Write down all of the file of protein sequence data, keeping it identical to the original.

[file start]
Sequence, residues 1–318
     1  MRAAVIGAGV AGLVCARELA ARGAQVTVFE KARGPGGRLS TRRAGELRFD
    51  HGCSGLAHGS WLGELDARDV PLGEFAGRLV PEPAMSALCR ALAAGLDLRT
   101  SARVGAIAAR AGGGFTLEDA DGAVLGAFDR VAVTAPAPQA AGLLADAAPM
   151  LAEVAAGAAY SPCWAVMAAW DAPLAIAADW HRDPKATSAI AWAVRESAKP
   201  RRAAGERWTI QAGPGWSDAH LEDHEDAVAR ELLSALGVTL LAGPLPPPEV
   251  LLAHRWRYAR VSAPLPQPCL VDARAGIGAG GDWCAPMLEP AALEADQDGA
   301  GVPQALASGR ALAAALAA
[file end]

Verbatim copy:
Sequence, residues 1–318
     1  MRAAVIGAGV AGLVCARELA ARGAQVTVFE KARGPGGRLS TRRAGELRFD
    51  HGCSGLAHGS WLGELDARDV PLGEFAGRLV PEPAMSALCR ALAAGLDLRT
   101  SARVGAIAAR AGGGFTLEDA DGAVLGAFDR VAVTAPAPQA AGLLADAAPM
   151  LAEVAAGAAY SPCWAVMAAW DAPLAIAADW HRDPKATSAI AWAVRESAKP
   201  RRAAGERWTI QAGPGWSDAH LEDHEDAVAR ELLSALGVTL LAGPLPPPEV
   251  LLAHRWRYAR VSAPLPQPCL VDARAGIGAG GDWCAPMLEP AALEADQDGA
   301  GVPQALASGR ALAAALAA